Bro-pa/Vajra

Sky Cuckoo

"The Omniscient One" is not the historical buddha who lived circa 500 B.C. known as Shakyamuni.

It is that part of you that you can consult on all kinds of matters, even those which you should have no right to be able to know, and it will tell you.

Sky CuckooIt is that "little voice" or a "little bird" that whispers to me, that tells me so.

The picture on the right of Barnang Khuyug, Sky Cuckoo, of the "mind transmission lineage" of teachers is a detail from a Tibetan Bon Dzogchen lineage thangka. Bon is the pre-Buddhist shaman religion of Tibet and Dzogchen, the Great Perfection, is a Buddhist teaching similar to Zen. The thangka [hanging scroll painting] can be found in Samten G. Karmay's the Little Luminous Boy, published 1998, a White Orchid Book, Orchid Press, Bangkok.)

In the midst of certainty about the way things are about this and about that, the Sky Cuckoo comes in the middle of the night.

"Its cry," according to Harold Isaacson, "may be heard an hour or two before dawn. It is unlike the sound of any other bird.... It is a haunting sound. Beauteous? Perhaps, but one that could much better be called disquieting than pleasing. The tone is low in pitch and...almost seems murmured. In its curious intimacy it is as if a piece of the labyrith of the ear spoke inside the hearer's head."*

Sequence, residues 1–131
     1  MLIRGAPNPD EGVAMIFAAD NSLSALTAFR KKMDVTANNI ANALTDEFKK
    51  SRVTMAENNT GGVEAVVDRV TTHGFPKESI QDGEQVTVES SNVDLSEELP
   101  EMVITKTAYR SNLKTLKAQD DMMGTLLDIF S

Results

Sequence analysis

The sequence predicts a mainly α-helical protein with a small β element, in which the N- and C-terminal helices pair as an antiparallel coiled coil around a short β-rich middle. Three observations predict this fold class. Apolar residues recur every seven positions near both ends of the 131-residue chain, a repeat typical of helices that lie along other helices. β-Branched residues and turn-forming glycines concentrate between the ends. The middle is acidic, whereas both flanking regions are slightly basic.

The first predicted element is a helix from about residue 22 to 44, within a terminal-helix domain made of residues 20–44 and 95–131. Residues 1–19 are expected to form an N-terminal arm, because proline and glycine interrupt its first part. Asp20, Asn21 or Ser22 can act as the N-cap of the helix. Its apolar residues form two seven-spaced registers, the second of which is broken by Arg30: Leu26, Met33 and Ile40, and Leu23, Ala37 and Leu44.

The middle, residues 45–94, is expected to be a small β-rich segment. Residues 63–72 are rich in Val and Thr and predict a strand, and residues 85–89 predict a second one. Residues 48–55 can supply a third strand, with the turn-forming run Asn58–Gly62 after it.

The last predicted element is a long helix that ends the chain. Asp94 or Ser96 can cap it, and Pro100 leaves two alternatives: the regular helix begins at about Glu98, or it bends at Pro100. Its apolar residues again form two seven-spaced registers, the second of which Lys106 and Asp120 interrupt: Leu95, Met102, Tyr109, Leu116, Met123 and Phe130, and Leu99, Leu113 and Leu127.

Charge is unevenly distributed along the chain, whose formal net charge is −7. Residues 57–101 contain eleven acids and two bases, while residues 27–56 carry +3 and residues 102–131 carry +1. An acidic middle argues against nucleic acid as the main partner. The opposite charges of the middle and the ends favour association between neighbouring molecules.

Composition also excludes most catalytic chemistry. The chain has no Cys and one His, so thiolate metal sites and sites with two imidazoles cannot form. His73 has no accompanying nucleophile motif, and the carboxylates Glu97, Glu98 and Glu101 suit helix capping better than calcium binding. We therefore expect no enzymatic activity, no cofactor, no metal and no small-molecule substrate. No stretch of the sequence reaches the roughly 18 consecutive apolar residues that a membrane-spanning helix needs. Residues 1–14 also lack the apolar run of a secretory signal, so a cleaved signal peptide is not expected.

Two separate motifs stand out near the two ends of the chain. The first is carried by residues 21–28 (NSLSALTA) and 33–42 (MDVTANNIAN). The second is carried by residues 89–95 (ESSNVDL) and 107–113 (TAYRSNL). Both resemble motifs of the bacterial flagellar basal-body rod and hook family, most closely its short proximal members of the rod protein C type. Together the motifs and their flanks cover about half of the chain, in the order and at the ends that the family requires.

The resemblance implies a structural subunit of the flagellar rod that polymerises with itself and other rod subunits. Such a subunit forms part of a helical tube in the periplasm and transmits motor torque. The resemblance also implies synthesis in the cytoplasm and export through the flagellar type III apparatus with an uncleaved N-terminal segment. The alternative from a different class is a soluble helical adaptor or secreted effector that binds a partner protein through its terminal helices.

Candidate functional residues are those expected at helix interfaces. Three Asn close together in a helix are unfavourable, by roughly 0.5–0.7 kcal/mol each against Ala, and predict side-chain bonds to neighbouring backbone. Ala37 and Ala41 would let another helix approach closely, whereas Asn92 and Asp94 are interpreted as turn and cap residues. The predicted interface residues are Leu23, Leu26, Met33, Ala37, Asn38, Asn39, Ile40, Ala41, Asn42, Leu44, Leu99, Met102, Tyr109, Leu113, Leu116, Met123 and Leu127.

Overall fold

Son (Daughter), this which you hold, that is just not so.


Neti neti, the sound of the bird. And in that most disquieting, uncomfortable moment, in the blink of an eye, nonceptual (prajna) awareness dawns upon one, the most precious of revelations. For one see for oneself things just as they are!

*
Selection from Peonies Kana: Haiku by the Upasaka Shiki. Translated and edited by Harold J. Isaacson, 1972, the Bhaisajaguru Series, Theatre Arts Books, New York.

-- Norman Guberman


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